Which skirt is currently particularly popular? Should the dress remain on sale? How did the sweater sell last month? Product managers in the fashion industry ask themselves these and many other questions every day. At bonprix, the ‘Learning Collection’ forecasting system has been helping them find answers for some time now. Jessica Külper, Head of Strategy and Innovation Management, explains why the company uses modern technology to help with product selection and how it works.
Ms. Külper, how have you planned your product range before the use of AI?
Jessica Külper: The product range we have created so far is based on the experience and knowledge of our product managers, for example with regard to the needs and wishes of our customers. Competitor analyses and current trends are also factored into[JP1] into the planning process.
For some time now, the ‘Learning Collection’ forecasting tool has been influencing your assortment policy. How is it used?
‘Learning Collection' is a new forecasting system developed in-house at bonprix that uses artificial intelligence to make reliable predictions about demand and purchases. The system evaluates new product ideas from bonprix and forecasts which of the articles are likely to sell well and which are likely to be in low demand. Based on this analysis, our employees can plan the product range even better and thus align it even more closely with the wishes and needs of our customers.
What technology is behind this?
The tool for this forecasting system, the ‘article-specific success analysis’ (ASA), was developed by bonprix together with AI experts from the Otto Group Data Lab. Behind the forecasting system is a machine learning algorithm that continuously optimizes itself on the basis of newly acquired information so that the forecasts become increasingly precise.
To be more specific, the model is continuously fed with historical data and trained to recognize regularities in the abundance of data and to deliver forecasts. All previous bonprix articles – including article attributes and sales figures – are fed into an algorithm and the system recognizes correlations and patterns in the data. We regularly enter collections and forecast which articles will be in high demand (top articles) and which will not sell well (flop articles). Products that are predicted to sell poorly are not included in the product range; other articles are optimized, for example by adjusting the color.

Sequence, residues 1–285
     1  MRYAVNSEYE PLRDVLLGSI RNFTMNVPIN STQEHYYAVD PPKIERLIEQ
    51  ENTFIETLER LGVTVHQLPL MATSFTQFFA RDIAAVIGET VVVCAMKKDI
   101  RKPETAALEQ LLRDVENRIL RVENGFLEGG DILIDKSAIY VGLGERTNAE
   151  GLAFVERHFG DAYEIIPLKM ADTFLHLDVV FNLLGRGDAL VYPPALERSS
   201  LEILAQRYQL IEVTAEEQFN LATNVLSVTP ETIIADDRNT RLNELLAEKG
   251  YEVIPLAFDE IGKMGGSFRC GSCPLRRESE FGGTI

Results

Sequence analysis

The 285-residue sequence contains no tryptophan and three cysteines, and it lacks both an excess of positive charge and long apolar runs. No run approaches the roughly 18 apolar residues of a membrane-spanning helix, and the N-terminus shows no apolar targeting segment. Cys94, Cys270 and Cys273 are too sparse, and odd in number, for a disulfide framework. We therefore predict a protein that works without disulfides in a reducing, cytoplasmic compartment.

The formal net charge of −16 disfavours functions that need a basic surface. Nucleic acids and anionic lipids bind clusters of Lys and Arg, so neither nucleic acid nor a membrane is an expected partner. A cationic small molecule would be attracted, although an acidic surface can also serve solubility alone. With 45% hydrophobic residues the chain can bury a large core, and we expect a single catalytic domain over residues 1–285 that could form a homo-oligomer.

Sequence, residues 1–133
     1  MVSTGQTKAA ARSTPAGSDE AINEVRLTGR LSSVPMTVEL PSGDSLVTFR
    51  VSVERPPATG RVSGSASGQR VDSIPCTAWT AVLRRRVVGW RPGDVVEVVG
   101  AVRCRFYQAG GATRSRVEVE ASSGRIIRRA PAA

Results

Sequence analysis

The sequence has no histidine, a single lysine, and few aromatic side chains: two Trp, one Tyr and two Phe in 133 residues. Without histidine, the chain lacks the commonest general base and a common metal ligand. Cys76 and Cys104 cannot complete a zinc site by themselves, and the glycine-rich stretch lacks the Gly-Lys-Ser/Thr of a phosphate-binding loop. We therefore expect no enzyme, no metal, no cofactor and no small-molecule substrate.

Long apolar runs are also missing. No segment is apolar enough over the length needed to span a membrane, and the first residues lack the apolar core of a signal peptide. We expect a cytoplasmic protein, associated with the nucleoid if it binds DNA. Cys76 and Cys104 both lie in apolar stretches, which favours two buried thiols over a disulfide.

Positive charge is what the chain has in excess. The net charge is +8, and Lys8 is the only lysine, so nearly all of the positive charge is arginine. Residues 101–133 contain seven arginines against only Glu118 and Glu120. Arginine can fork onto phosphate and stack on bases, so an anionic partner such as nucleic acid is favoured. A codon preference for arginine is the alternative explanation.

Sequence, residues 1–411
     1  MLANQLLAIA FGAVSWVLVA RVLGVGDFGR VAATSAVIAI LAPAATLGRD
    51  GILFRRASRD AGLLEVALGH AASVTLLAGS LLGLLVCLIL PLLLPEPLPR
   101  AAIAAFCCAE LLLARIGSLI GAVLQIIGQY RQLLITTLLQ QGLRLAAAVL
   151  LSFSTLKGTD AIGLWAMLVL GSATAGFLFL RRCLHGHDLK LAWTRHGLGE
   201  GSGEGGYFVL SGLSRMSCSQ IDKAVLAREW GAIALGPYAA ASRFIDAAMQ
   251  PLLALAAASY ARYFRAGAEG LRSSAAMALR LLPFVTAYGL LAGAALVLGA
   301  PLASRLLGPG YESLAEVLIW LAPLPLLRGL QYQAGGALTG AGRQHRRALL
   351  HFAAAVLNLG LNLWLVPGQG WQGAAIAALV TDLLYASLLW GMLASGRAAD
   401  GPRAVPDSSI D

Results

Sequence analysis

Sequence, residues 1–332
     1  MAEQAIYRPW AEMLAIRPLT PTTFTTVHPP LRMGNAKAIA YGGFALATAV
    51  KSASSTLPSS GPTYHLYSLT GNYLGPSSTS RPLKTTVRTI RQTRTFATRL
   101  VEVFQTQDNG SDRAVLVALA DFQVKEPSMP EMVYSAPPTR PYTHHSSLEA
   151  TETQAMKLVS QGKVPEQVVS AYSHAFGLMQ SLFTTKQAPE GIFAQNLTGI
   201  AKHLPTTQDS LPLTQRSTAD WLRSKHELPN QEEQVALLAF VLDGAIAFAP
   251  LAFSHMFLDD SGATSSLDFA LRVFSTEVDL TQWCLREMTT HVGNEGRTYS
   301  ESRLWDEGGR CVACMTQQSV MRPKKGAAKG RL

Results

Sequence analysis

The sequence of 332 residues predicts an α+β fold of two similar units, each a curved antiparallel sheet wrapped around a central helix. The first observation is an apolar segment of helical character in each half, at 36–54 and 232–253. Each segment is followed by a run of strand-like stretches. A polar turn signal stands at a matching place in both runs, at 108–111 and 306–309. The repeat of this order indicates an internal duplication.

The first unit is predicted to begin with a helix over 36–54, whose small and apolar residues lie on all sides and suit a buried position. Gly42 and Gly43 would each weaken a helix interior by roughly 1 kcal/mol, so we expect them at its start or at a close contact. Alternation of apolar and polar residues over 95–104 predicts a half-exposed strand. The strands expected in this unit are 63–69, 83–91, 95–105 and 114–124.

But what's trendy today may be passé tomorrow, right?
We regularly check how accurate the model's forecast is and how it corresponds to actual sales figures. If the forecast is consistently good over several months, it will most likely be reliable in the future. And the more information that is fed into the algorithm over the months and years, the better the forecasts can become over time.
Why are such tools needed these days?
Artificial intelligence offers great potential to improve forecasts and make processes more efficient. In the end, humans still have the final say. But AI can provide valuable input through its ability to take into account a wide variety of influencing factors in order to develop the truly best styles for customers.
Was it hard to get started? How did you approach the implementation?
We were curious about the extent to which artificial intelligence could meaningfully help us plan our assortments in an even more efficient and customer-oriented way. To find out, we started with various test runs. Based on all product data from 2016 to 2018, we had the algorithm predict the year 2019. This test was carried out at the end of 2019, so we were able to assess the forecast quality directly – and the result impressed us. The forecast was so good that we subsequently started the implementation. The ‘Learning Collection’ tool was launched in summer 2020 and has been used at bonprix every month since the creation of the January 2021 collection.
What have you learned about customer preferences and behavior since then that you didn't know before?
From the enormous wealth of data, the algorithm can not only rank item demand based on individual product attributes, but also predict which combinations of different attributes are most promising. This has given us some new insights into what our customers want. One example: We found out that overalls with three-quarter-length pant legs are much more likely to be purchased by our customers than overalls with long or very short legs.
How has the product manager's job changed since then?
The processes for inspiration, assortment and collection creation have not changed noticeably, as the insights from the AI logarithm are available at the push of a button, so to speak, to be incorporated into the final assortment design. Thus, the forecasts are a useful addition to personal experience, knowledge of fashion trends and expertise – because even with the support of AI data, the expertise and gut feeling of our product managers remain essential when deciding on articles and collections.
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